Fazil Iskander

From Wikipedia, the free encyclopedia
Jump to: navigation, search
Fazil Iskander
Fazil Iskander.jpg
Photograph by Remziy Agrba
Born (1929-03-06) March 6, 1929 (age 85)
Sukhumi, USSR
Genre Fiction
Notable works Sandro of Chegem
Reverse side of a 10 apsar commemorative coin minted on 6 May 2009 to celebrate Fazil Iskander's 80th birthday.

Fazil Abdulovich Iskander (Russian: Фази́ль Абду́лович Исканде́р; Abkhaz: Фазиль Абдул-иҧа Искандер; born 6 March 1929, Sukhumi, USSR) is an Abkhaz writer, known in the former Soviet Union for his descriptions of Caucasian life, mostly written in Russian. He has written various stories, most famously "Zashita Chika", which star a crafty and likable young boy named "Chik".


Early life[edit]

Fazil Abdulovich Iskander was born in 1929 in the cosmopolitan port city of Sukhum, the capital of Abkhazia. Of Iranian descent, his father was deported to Iran in 1938 and sent to a penal camp, where he died in 1957.[1] As a result, he was raised by his mothers Abkhazian family.[1]


The most famous intellectual of Abkhazia, he first became well known in the mid-1960s along with other representatives of the "young prose" movement like Yury Kazakov and Vasily Aksyonov, especially for what is perhaps his best story,[2] Sozvezdie kozlotura (1966), variously translated as "The Goatibex Constellation," "The Constellation of the Goat-Buffalo," and "Constellation of Capritaurus." It is written from the point of view of a young newspaperman who returns to his native Abkhazia, joins the staff of a local newspaper, and is caught up in the publicity campaign for a newly produced farm animal, a cross between a goat and a West Caucasian tur (Capra caucasica); a "remarkable satire of Lysenko's genetics and Khrushchev's agricultural campaigns, it was harshly criticized for showing the Soviet Union in a bad light."[3]

He is probably best known in the English speaking world for Sandro of Chegem, a picaresque novel that recounts life in a fictional Abkhaz village from the early years of the 20th century until the 1970s, which evoked praise for the author as "an Abkhazian Mark Twain."[4] Mr. Iskander's humor, like Mark Twain's, has a tendency to sneak up on you instead of hitting you over the head.[4] This rambling, amusing and ironic work has been considered as an example of magic realism, although Iskander himself said he "did not care for Latin American magic realism in general".[5] Five films were made based upon parts of the novel.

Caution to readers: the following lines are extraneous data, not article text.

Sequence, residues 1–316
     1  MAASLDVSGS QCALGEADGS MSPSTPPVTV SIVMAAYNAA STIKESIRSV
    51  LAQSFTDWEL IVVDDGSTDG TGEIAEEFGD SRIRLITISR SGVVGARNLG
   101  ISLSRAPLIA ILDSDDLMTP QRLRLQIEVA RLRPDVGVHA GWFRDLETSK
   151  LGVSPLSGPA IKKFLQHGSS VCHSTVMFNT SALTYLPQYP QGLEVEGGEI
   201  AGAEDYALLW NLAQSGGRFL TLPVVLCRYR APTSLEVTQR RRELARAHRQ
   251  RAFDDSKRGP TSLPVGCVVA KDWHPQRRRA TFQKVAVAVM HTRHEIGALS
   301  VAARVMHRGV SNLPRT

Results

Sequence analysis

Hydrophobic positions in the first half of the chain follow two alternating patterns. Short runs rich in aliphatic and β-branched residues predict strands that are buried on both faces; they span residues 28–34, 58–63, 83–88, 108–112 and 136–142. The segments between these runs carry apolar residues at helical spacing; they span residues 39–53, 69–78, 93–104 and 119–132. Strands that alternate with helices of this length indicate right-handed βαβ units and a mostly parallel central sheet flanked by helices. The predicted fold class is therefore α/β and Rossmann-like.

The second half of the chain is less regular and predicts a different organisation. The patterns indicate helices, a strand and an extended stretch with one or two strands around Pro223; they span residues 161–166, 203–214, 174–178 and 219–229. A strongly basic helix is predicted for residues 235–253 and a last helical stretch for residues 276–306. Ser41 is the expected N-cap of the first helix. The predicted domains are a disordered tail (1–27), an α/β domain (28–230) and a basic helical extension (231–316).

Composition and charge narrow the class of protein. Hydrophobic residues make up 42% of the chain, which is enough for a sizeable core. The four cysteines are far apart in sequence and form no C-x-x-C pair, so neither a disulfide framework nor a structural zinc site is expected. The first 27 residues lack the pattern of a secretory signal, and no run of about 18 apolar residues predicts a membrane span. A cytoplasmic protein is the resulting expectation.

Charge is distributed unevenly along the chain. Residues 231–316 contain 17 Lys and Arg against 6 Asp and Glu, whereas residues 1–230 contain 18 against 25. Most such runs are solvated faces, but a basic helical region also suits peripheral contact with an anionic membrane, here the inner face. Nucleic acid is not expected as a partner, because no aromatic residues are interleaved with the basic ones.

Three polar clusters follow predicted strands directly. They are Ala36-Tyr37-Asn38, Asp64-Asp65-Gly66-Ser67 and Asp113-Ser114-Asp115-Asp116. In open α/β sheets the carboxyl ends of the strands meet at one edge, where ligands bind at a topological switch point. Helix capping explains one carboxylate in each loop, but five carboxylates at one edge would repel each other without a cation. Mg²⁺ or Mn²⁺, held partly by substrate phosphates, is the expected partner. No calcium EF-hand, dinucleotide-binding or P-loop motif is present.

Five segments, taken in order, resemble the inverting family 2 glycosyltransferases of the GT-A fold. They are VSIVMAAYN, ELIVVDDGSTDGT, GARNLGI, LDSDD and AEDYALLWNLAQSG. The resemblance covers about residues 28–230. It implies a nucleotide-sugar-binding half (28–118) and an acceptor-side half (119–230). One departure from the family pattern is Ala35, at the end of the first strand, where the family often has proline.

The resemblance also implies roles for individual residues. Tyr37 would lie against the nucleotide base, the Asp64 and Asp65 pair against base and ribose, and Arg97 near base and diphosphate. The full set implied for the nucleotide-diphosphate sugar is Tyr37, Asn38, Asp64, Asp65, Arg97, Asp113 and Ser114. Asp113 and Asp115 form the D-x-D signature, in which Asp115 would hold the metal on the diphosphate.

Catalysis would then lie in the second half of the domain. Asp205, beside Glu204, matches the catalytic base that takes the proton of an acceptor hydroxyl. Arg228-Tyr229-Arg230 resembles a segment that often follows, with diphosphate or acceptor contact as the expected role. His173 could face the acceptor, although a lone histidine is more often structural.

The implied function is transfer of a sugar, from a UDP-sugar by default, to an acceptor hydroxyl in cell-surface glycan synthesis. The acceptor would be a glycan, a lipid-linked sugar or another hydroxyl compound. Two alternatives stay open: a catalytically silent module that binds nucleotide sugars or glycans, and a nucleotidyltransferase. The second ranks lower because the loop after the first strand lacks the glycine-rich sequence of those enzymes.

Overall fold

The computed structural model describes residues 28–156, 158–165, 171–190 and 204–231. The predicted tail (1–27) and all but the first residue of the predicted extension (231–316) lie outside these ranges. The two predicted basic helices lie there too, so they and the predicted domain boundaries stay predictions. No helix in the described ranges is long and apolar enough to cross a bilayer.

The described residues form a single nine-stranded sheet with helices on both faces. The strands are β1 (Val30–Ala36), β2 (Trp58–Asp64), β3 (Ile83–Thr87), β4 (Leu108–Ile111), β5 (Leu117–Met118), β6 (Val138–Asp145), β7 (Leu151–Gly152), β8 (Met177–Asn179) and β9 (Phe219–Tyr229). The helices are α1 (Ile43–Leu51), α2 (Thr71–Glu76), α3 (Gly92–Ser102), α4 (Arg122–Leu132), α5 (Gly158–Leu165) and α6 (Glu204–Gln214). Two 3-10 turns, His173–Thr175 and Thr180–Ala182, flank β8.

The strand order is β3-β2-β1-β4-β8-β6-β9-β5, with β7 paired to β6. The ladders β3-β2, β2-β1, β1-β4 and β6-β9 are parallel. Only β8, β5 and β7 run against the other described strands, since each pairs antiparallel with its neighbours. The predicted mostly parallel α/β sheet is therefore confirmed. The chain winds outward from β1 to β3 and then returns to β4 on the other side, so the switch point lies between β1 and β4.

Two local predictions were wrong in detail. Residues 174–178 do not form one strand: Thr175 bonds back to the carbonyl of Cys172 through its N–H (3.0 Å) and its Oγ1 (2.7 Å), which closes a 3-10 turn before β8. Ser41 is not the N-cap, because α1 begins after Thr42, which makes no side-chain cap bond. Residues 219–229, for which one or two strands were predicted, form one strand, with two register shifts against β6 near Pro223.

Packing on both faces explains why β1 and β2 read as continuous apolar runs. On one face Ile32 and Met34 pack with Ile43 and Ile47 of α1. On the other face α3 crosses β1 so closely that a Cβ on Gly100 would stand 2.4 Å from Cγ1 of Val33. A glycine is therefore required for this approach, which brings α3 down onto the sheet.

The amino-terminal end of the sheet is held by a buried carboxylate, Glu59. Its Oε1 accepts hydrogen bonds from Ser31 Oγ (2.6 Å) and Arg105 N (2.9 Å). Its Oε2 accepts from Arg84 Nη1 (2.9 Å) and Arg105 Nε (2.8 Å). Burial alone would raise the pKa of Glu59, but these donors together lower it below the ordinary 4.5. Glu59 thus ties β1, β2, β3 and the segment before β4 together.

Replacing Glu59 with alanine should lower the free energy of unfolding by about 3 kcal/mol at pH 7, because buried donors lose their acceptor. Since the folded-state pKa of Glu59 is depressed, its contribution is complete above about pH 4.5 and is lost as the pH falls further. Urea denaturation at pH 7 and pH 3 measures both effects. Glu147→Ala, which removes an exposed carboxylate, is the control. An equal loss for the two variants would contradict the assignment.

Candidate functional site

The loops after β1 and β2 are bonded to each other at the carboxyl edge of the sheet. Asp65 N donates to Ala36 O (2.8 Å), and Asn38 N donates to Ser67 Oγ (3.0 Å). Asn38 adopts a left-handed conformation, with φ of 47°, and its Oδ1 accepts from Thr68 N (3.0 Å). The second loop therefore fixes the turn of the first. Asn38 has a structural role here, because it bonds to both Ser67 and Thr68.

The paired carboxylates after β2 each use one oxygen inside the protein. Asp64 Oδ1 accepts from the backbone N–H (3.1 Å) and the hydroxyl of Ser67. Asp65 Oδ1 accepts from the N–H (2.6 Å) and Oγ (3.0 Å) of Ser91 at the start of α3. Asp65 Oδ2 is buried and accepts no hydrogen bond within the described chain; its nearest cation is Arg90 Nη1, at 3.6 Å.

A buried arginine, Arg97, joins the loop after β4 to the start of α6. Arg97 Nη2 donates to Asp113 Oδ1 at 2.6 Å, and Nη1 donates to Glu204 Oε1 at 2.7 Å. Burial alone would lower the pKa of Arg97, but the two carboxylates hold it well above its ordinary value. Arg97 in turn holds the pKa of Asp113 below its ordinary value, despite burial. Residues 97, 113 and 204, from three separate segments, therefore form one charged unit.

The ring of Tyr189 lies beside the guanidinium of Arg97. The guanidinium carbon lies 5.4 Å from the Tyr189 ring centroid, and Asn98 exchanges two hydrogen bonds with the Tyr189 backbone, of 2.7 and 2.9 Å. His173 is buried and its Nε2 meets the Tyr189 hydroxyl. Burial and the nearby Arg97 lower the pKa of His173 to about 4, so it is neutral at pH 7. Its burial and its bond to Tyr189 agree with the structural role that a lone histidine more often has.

Iskander distanced himself from the Abkhaz secessionist strivings in the late 1980s and criticised both Georgian and Abkhaz communities of Abkhazia for their ethnic prejudices.[citation needed] He warned that Abkhazia could become a new Nagorno-Karabakh.[citation needed] He currently resides in Moscow and is a writer for the newspaper Kultura.

On 3 September 2011, a statue of Iskander's literary character Chik was unveiled on Sukhumi's Muhajir Quay.[6]

List of awards and prizes[edit]

Iskander being awarded the Order of Merit for the Fatherland by President Dmitry Medvedev, 2010.

In 2009, Bank of Abkhazia issued a commemorative silver coin from the series "Outstanding Personalities of Abkhazia", dedicated to Fazil Iskander denomination of 10 apsaras.


Works in English translation[edit]

  • Forbidden Fruit and Other Stories, Central Books LTD, 1972.
  • The Goatibex Constellation, Ardis, 1975.
  • Sandro of Chegem, Vintage Books, 1983.
  • The Gospel According to Chegem, Vintage Books, 1984.
  • Chik and His Friends, Ardis 1985.
  • Rabbits and Boa Constrictors, Ardis, 1989.
  • The Old House Under the Cypress Tree, Faber and Faber, 1996.
  • The Thirteenth Labour of Hercules, Raduga, 1997.



  1. ^ a b The Myth of the Non-Russian: Iskander and Aitmatov's Magical Universe. Retrieved 24 October 2014. 
  2. ^ Edward J. Brown, Russian Literature Since the Revolution (Harvard University Press, 1982: ISBN 0-674-78204-6), p. 331.
  3. ^ Karen L. Ryan-Hayes, Contemporary Russian Satire: A Genre Study (Cambridge University Press, 2006: ISBN 0-521-02626-1), p. 15.
  4. ^ a b Jacoby, Susan. "An Abkhazian Mark Twain". The New York Times. 15 May 1983. Retrieved 24 June 2009.
  5. ^ Haber, Erika (2003). The Myth of the Non-Russian. Lexington Books. ISBN 0-7391-0531-0. 
  6. ^ "В Абхазии появился первый памятник литературному герою". Regnum. 4 September 2011. Retrieved 23 September 2011. 
  7. ^ The Myth of the Non-Russian: Iskander and Aitmatov's Magical Universe, Erika Haber, Lexington Books, UK, 2003. (Page 65: "Iskander was awarded the USSR State Prize in November 1989")
  8. ^ Remaking Russia: Voices from Within, Edited by Heyward Isham, Intro by Richard Pipes, M.E. Sharp 1995. (Intro, page xviii, "USSR State Prize 1989")
  9. ^ "Puschkin-Preis 2005 für Boris Paramonow" (in German). Alfred Toepfer Stiftung F.V.S. 2005-05-26. Retrieved 2009-10-03. 
  10. ^ Yeltsin, Boris (2003-12-07). Указ Президента РФ от 7.12.1993 № 2120 (in Russian). Moscow: Официальный сайт Президента Российской Федерации. Retrieved 2009-10-03. 
  11. ^ Abkhaz.org
  12. ^ Фазиль Искандер награжден высшим орденом Абхазии (in Russian). Kafkas Vakfi. 2002-06-20. Retrieved 2009-10-03. 
  13. ^ http://news.kremlin.ru/news/6895
  14. ^ Fazil Iskander has been awwarded the Yasnaya polyala award